Palynomorph retention on clothing under differing conditions

Louise Rowell

    Research output: ThesisMaster's Thesis

    391 Downloads (Pure)

    Abstract

    [Truncated abstract] Palynology has been used in a number of criminal cases where pollen and spores (palynomorphs) on clothing has featured as evidence. Pollen and spores are microscopic, generally morphologically unique to a plant genus and often species, resistant to decay, produced in large amounts and are components of soil. These unique features of pollen and spores make palynology a highly valuable forensic tool. Clothing is an excellent collector of pollen and spores as they become trapped in the fabric weave when clothing is brushed against flowering plants, comes into contact with dust, soil or air-borne pollen. Most forensic palynologists have found that palynomorphs from a crime scene may remain on clothing after washing or several days wear. No empirical research has been conducted on the retention of palynomorphs on clothing under differing conditions. Research of this kind is required to provide support for the future presentation and validation of palynological evidence in court. This project examined the relative retention of palynomorphs on clothing that had been worn during a simulated assault in a sheltered garden on the grounds of St George's College, Western Australia. Three replicate control soil samples each were collected from the actual assault scene and the whole garden to provide a baseline palynological profile for comparison to the experimental (Evidentiary) clothing samples. Forty pollen samples from the predominant species of plants in the garden and surrounds were collected, processed and databased as a reference for palynomorph identification. Standard T-shirts and jeans were chosen as the research clothing. During the simulated assault the knees of the jeans and the backs of the T-shirts came into abrasive contact with the soil of the garden for approximately one minute. The clothing then underwent three 'conditions' to simulate 'real life' situations. Three clothing sets were immediately collected after the assault (E1), three sets were worn for a period of three days after the assault (E2) and three sets were washed after the assault (E3). ... The Background clothing samples did not have a profile similar to the research garden but the profiles collected from each set reflected the areas to which they were worn. The number of palynomorphs per gram of garden soil ranged from thousands to tens-of-thousands of palynomorphs. The total number of palynomorphs collected by the E1 samples ranged from 100,000 to millions per clothing item. The E2 samples retained 1000's to tens-of-thousands of palynomorphs and the E3 samples retained 100's to 1000's of palynomorphs. The background clothing samples collected 1000's to tens-of-thousands of palynomorphs. These results confirm that jeans and T-shirts worn during an assault then worn for a period of days, or washed, will still contain pollen and spores characteristic of the assault area. This highlights the importance of investigating police enquiring where and for how long clothing of interest has been worn before and after an event, or if the clothing has been washed since the event. The results of this study will provide forensic palynologists with supportive data for future casework involving clothing.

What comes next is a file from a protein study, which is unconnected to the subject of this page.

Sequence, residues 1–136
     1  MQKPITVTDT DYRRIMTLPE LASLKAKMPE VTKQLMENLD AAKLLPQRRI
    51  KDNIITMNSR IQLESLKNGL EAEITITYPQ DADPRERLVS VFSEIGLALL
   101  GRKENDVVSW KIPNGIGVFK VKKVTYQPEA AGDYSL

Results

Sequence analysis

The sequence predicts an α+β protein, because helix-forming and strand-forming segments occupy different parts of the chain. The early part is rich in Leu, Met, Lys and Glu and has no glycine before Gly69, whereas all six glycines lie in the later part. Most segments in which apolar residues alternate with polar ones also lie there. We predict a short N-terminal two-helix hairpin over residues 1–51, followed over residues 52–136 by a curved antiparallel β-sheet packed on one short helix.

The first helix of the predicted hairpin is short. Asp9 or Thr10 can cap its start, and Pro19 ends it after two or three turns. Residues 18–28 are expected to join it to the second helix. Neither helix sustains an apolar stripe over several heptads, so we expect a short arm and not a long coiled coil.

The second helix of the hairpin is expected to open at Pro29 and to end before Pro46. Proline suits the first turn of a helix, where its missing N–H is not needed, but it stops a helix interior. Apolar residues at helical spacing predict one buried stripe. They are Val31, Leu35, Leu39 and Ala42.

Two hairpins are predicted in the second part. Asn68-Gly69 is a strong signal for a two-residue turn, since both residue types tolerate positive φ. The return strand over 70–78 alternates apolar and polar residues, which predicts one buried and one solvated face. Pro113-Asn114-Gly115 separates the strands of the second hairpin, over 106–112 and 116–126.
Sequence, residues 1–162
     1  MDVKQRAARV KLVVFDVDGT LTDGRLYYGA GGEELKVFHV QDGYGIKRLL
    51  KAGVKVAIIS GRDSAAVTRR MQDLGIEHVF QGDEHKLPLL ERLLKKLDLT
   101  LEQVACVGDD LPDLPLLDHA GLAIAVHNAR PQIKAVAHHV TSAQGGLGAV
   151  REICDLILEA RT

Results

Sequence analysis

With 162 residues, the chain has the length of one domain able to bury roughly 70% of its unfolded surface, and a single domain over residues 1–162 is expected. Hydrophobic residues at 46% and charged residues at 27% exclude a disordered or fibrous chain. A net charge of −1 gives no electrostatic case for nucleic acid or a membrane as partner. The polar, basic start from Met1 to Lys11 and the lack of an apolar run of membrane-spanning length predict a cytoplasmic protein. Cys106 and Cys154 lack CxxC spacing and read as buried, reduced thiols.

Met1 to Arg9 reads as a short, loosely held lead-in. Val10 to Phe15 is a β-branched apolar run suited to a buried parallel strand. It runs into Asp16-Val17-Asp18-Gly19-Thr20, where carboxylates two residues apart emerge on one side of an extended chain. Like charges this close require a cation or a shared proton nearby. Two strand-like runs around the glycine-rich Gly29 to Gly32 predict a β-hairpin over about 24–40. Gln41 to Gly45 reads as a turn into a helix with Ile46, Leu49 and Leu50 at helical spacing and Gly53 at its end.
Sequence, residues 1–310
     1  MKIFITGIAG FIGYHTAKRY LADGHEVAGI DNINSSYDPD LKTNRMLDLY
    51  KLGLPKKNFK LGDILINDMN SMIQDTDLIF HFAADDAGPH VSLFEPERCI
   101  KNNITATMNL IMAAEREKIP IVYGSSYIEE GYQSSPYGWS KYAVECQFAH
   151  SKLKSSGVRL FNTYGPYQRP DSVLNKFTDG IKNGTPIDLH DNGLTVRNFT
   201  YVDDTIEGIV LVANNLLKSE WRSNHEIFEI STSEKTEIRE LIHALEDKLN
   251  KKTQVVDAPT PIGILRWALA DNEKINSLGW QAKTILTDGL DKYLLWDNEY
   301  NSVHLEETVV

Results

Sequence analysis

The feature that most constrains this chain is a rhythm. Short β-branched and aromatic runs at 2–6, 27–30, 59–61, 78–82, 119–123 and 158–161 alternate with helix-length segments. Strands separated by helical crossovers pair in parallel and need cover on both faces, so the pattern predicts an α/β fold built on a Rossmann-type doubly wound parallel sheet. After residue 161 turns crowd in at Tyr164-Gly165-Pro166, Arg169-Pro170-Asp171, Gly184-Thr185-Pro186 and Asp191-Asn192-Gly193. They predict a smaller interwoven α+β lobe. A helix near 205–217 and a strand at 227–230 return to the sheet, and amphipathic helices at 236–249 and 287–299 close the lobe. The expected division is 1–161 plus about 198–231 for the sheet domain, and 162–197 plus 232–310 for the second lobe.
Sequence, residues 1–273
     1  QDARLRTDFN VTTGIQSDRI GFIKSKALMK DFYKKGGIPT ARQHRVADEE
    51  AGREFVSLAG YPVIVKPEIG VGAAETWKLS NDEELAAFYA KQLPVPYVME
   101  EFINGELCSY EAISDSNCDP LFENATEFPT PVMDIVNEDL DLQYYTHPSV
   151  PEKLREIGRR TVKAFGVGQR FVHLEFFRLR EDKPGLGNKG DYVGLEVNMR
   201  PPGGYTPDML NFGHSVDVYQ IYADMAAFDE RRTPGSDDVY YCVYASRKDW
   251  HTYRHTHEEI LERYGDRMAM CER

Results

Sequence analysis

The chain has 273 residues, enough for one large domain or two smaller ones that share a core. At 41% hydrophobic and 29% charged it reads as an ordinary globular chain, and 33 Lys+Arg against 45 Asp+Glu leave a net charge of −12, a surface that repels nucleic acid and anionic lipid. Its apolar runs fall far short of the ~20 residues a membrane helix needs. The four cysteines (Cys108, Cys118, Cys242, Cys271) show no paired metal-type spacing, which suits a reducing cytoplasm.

Original languageEnglish
    QualificationMasters
    Publication statusUnpublished - 2009

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